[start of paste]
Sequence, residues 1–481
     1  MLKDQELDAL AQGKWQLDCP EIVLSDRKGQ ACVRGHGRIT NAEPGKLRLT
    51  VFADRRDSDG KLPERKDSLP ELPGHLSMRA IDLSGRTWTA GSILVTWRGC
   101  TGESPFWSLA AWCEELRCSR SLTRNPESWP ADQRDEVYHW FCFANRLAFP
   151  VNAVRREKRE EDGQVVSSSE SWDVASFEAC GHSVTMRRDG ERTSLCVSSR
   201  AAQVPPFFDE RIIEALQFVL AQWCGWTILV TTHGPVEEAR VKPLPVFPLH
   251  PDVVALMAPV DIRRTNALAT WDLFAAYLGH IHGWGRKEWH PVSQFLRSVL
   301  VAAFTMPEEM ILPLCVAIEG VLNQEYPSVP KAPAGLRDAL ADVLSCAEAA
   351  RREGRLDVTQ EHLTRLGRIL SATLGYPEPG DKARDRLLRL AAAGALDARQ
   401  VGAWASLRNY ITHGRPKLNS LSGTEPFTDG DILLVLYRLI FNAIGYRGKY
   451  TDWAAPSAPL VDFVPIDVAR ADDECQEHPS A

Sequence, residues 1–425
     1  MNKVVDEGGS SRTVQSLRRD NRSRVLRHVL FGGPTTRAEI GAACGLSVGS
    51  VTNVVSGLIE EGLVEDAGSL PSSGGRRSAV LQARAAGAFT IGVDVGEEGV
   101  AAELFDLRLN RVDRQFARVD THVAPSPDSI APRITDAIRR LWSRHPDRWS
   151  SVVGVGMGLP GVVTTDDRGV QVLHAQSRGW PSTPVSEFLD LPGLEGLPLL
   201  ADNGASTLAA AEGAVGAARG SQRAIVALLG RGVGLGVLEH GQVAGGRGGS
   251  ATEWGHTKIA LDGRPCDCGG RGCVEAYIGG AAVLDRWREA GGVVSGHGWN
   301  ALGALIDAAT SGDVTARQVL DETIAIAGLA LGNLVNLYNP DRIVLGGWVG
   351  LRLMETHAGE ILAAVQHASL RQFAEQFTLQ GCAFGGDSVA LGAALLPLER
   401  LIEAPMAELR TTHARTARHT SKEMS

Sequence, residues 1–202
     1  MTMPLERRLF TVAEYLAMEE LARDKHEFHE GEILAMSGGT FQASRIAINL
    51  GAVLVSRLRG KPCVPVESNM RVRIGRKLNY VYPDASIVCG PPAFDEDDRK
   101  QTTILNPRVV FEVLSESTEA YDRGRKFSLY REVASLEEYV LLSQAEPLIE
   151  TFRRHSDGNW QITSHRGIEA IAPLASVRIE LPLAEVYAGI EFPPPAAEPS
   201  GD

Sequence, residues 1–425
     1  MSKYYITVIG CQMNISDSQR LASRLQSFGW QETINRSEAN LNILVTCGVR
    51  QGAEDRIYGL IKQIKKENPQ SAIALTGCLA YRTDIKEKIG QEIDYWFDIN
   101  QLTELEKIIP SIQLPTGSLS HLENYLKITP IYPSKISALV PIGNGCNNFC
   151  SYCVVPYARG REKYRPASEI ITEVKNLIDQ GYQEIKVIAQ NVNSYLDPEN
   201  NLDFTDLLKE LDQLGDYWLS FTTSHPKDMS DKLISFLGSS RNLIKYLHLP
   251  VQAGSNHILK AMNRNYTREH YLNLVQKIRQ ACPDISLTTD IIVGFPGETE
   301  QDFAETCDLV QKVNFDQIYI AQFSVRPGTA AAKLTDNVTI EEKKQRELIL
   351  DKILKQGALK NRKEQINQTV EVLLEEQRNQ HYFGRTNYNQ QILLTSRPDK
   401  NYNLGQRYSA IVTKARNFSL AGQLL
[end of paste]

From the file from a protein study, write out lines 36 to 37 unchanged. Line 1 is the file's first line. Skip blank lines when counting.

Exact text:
   351  DKILKQGALK NRKEQINQTV EVLLEEQRNQ HYFGRTNYNQ QILLTSRPDK
   401  NYNLGQRYSA IVTKARNFSL AGQLL